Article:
Bobby Tuzzio ’20
Mark Shriver, a member of the Holy Cross graduating class of 1986, has lived his entire life in public service. His mother was Eunice Kennedy Shriver and his father was Sargent Shriver, a significant figure in the Kennedy Administration and beyond as the first Director of the Peace Corps and leader of numerous other initiatives during the 1960s “War on Poverty,” as well as the Democratic nominee for Vice President in 1972. In that regard, Mark Shriver was born to service, social justice and activism. His biography of Sargent Shriver, “A Good Man,” chronicled how his upbringing molded his own sensibilities. In speaking with The Spire, Shriver recalls that his early life molded him into the man he is today. “My mother and father went to Mass every day,” said Shriver. “They really showed my brothers and sisters and me from an early age that, through good works and charity, we can make a better world.”
Shriver is the head of Save the Children Action Network, a non-profit organization that strives to ensure that every child in the United States has access to early learning and health care services. Shriver says the main geographical areas upon which the organization focuses are primarily in rural America, in low-income areas such as Appalachia. “We provide programs for children from zero to eight years old,” said Shriver. “We want to make sure that those children are socially, emotionally, and cognitively ready by the third grade.” Another aspect of the organization is disaster response work, especially, as Shriver notes, in the aftermath of Hurricane Maria in Puerto Rico.
Systemic change is the driving force behind Save the Children Action Network. “Pope Francis talks a lot about working with and working for the poor and working for systemic change,” says Shriver. “How do we change the way the government works with the poor? That’s really what the Save the Children Action Network does.” He notes that the organization works with political campaigns for Republican and Democratic candidates who support poor children. To that extent, Save the Children is different from other non-profit organizations, as most non-profits do not work with political campaigns. However, Save the Children does so mainly because the organization is so passionate about its objectives. Candidates who are particularly focused on early education and whom Save the Children helped elect include Republican governor Phil Scott from Vermont and Democratic governor Gina Raimondo from Rhode Island.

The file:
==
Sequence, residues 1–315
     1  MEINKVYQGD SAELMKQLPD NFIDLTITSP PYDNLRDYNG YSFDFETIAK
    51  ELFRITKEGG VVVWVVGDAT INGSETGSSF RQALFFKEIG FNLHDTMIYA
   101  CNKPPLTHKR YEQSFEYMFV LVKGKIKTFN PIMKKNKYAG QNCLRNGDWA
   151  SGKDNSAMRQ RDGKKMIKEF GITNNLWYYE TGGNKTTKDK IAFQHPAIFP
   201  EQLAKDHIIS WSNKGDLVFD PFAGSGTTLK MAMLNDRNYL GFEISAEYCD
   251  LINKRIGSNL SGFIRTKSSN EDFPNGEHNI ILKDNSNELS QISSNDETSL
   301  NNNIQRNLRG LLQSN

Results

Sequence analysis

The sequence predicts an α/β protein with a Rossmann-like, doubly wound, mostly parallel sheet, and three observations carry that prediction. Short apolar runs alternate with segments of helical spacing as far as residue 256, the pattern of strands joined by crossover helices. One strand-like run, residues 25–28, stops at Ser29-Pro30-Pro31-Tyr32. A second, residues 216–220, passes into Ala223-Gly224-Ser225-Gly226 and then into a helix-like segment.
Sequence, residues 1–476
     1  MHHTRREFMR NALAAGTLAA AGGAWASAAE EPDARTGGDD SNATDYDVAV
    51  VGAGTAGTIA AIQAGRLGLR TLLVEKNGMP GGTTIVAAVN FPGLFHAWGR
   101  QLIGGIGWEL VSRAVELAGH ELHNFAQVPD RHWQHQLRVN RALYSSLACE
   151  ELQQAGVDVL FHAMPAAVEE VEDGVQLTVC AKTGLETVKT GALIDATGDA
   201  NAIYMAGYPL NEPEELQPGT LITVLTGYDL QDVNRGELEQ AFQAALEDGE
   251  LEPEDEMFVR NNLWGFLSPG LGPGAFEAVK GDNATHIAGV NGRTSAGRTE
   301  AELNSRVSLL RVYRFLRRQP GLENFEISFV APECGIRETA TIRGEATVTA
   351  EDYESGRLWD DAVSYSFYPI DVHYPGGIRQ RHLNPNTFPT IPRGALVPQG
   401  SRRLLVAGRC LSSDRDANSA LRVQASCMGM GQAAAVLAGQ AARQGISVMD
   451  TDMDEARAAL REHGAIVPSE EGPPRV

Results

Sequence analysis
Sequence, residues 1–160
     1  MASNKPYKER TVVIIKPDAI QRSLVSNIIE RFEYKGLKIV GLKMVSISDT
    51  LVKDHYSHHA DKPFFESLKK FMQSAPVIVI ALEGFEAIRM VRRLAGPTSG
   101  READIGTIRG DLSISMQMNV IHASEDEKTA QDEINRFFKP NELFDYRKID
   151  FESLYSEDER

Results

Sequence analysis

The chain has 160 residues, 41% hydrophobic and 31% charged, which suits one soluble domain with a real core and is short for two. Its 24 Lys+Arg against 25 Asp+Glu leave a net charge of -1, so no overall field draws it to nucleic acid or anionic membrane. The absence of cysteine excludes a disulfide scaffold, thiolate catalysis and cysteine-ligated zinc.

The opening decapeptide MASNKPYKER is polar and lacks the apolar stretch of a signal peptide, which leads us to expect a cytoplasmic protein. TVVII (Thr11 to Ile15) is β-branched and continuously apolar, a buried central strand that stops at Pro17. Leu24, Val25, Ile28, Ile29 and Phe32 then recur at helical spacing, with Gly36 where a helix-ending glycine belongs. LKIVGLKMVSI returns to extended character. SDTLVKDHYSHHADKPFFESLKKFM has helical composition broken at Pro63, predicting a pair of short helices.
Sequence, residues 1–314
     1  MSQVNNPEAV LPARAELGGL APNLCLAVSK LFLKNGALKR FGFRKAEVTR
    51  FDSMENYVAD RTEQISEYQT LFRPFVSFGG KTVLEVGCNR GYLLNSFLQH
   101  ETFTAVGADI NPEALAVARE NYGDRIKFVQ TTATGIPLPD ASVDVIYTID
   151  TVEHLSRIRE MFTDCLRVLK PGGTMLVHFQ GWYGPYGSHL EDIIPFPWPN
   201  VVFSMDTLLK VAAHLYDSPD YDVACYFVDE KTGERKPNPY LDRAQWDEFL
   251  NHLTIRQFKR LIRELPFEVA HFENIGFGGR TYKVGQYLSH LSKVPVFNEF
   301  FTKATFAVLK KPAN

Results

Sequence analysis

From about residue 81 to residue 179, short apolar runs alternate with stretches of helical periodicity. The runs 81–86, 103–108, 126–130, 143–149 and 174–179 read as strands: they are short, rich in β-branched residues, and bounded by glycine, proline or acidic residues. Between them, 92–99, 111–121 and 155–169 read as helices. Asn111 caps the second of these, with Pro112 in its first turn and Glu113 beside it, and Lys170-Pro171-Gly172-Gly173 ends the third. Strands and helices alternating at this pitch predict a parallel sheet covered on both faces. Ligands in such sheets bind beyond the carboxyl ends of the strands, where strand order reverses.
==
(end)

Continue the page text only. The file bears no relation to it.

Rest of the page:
“My mother and father constantly spread Jesus’ teaching of clothing the naked, feeding the hungry, and sheltering the homeless,” said Shriver. “I was exposed to Jesus’ teachings from both them as well as my experiences in a Jesuit high school and in a Jesuit college setting.” Shriver is a proud alumnus of Georgetown Prep, where he was first exposed to the Jesuit culture. He arrived at Mt. St. James in the Fall of 1982. He credits many of his professors at Holy Cross for shaping his views. “I had amazing teachers at Holy Cross,” said Shriver. “Professor Vanicelli in the political science department and Father Kuzneiwski in the history department are two that really stood out…but there were so many more.” He went on to say that “I think that the Jesuit culture that I was surrounded by at Georgetown Prep and at Holy Cross really was one of the main factors as to why I became a man who worked both for and with the poor.”
He also discussed the current political cycle. “We are definitely in turbulent times. However, democracy is a turbulent form of government. Theodore Roosevelt told us that we cannot be the critic on the sidelines…we need to be in the arena fighting with blood, sweat, and toil for what we believe in.”
As for the growing immigration debate, Shriver believes that the government needs to take a more civil approach. “Having a sound and humane immigration policy requires compromise and conversation,” said Shriver. “Pope Francis says that there needs to be a ‘level of encounter on both sides. Right now, both Democrats and Republicans are shouting at each other across the aisle and that is not going to solve any of our problems.”
Mark Shriver will continue to be a proud and shining alumnus of Holy Cross whom we can all look up to. With a lifetime of public service, Shriver has found his way on his journey, using his Jesuit education background as his guidance.